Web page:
When it comes to applying for a mortgage, many people apply directly to banks and lenders and do all the work themselves.

Or, you can hire a mortgage broker to look for loans and file applications for you.

However, working with a broker does not always guarantee you the best deal.

Benefits of Working with a Mortgage Broker

The big advantage of working with a mortgage broker is that they can obtain a variety of loan options from a wide variety of lenders based on your financial profile and the type of property you want to buy.

Basically, they do the job of shopping so you don't have to.

Brokers offer expertise and in-depth knowledge of what is available in the market and it can really help to have someone negotiate on your behalf.

You can also save a lot of time through a broker as you don't have to spend hours looking for different lenders.

Cons of working with a broker

The big disadvantage, however, is that brokers are a limited number of lenders.

When you choose to work with a broker, you can be sure that you will get the best deal from the companies they represent. However, you may be missing out on an even cheaper price than what they don't represent.

You'll also want to find out how the broker is paid before choosing one. Some mortgage brokers receive a commission from lenders, while others are paid by the borrowers they represent.

If you end up paying, you want to know exactly how much they charge before you sign any agreements.

Who can actually get a 1.875% mortgage rate?

Just because a company offers mortgage rates below 2% does not mean that all borrowers will qualify for it.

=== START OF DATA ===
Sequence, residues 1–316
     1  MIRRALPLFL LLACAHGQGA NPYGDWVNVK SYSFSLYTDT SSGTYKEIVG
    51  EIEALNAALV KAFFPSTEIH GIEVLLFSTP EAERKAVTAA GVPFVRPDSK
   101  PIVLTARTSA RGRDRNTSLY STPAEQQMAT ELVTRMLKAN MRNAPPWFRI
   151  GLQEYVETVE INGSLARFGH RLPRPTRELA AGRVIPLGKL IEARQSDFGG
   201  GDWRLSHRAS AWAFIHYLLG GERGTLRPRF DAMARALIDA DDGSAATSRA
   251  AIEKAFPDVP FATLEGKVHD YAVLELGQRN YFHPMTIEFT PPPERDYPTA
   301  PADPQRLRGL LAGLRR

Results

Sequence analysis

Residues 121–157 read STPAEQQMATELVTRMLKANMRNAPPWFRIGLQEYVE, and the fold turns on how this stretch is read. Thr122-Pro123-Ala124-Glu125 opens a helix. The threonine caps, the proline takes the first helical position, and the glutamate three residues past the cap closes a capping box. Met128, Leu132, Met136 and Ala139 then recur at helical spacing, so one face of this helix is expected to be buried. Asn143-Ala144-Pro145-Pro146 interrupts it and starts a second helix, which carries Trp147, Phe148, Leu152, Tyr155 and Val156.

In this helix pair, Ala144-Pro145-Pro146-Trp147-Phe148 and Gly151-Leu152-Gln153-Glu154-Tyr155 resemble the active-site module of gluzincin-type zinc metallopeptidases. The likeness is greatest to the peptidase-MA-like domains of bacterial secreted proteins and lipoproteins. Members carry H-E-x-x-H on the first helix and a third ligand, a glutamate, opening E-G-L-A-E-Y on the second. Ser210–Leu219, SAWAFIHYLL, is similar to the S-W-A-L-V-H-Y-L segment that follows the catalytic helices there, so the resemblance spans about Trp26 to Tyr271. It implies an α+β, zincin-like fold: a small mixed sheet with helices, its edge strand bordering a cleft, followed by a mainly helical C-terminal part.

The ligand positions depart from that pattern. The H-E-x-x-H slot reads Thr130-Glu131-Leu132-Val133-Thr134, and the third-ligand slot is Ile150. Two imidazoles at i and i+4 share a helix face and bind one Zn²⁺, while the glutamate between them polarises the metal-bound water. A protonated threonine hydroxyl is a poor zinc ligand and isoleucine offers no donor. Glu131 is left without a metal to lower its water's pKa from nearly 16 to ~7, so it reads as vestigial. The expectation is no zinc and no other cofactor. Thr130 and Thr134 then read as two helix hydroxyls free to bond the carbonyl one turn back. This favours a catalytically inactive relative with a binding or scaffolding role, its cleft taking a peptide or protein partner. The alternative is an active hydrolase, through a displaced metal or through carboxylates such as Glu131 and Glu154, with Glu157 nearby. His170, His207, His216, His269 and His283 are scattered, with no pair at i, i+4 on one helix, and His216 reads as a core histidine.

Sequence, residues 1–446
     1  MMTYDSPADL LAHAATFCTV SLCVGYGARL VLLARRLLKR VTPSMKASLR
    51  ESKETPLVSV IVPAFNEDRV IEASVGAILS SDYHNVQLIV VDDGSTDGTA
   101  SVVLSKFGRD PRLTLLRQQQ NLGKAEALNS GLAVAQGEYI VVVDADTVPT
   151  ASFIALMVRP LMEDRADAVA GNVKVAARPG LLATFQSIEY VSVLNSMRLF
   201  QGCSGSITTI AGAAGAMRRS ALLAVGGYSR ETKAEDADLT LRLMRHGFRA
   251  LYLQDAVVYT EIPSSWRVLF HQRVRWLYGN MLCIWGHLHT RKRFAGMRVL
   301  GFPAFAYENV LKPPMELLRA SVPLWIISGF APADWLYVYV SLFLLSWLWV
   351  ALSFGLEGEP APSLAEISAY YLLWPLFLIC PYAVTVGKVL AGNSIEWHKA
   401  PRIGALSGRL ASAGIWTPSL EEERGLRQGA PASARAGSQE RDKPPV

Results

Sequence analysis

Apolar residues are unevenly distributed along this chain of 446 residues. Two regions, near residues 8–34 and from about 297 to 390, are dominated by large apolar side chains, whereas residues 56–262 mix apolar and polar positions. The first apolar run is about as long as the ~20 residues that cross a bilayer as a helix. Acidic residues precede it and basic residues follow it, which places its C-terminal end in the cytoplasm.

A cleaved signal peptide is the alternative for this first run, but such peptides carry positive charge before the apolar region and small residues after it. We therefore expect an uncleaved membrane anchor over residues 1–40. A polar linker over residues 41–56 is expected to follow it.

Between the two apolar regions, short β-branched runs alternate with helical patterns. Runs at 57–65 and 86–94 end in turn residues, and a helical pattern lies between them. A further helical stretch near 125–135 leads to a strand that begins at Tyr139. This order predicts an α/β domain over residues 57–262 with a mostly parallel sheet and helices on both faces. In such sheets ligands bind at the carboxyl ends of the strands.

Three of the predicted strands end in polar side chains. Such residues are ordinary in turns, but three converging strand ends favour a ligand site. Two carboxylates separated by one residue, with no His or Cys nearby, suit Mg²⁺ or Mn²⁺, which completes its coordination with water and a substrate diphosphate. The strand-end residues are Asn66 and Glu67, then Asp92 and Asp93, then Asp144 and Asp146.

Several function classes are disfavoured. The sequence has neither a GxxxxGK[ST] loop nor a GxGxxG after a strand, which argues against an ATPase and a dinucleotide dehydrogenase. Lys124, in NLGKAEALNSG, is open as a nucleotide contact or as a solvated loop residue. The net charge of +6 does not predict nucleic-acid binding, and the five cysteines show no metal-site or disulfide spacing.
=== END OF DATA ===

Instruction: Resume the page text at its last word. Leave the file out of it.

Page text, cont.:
Lenders always offer their most competitive interest rates to first class borrowers with great credit profiles.

You are looking for:

Strong Credit Score: The best interest rates go to borrowers with excellent credit scores. typically 720 or higher. A good score indicates that you are a reliable borrower with a track record of good money management
Good credit: Lenders do a "hard" credit check when they run your application. You want to see that you paid your debt on time and that you are not in default on any account. You may still qualify for a mortgage with some credit default, but you are less likely to get extremely low interest rates
Low Debt-Income Ratio (DTI): Most lenders require your DTI to be 43% or lessalthough some allow higher ratios. The lower your monthly debt, the lower your mortgage rate is likely to be
Deposit: The higher your down payment, the less debt you take on (and the less debt the lender takes on). Hence, a large down payment can help you secure a low mortgage rate

Not all borrowers are eligible for interest rates below 2%. In fact, very few are likely to do so.

However, many will qualify for rates in their lower to middle sophomore year. That would have been unthinkable a year ago.

Check with some lenders, compare prices, and find out what you qualify for. It might be lower than you think.

Find out which plan you qualify for. Start Here (August 12, 2020)

Do your due diligence

There are so many decisions when buying or refinancing a home – not least of all, choosing a lender. And there are no easy answers.

It is a personal process where what really matters is what is right for you.

The key is to always look at your options before making a decision.

Even if you feel that you need to select a lender quickly in order to get the lowest mortgage rates today, it is important to research your various companies and carefully compare their offers.

Don't be swayed by shockingly low rates or an offer that seems too good to be true.

Always make sure that you see the full picture before contacting a lender or home owner.

Check your new plan (August 12, 2020)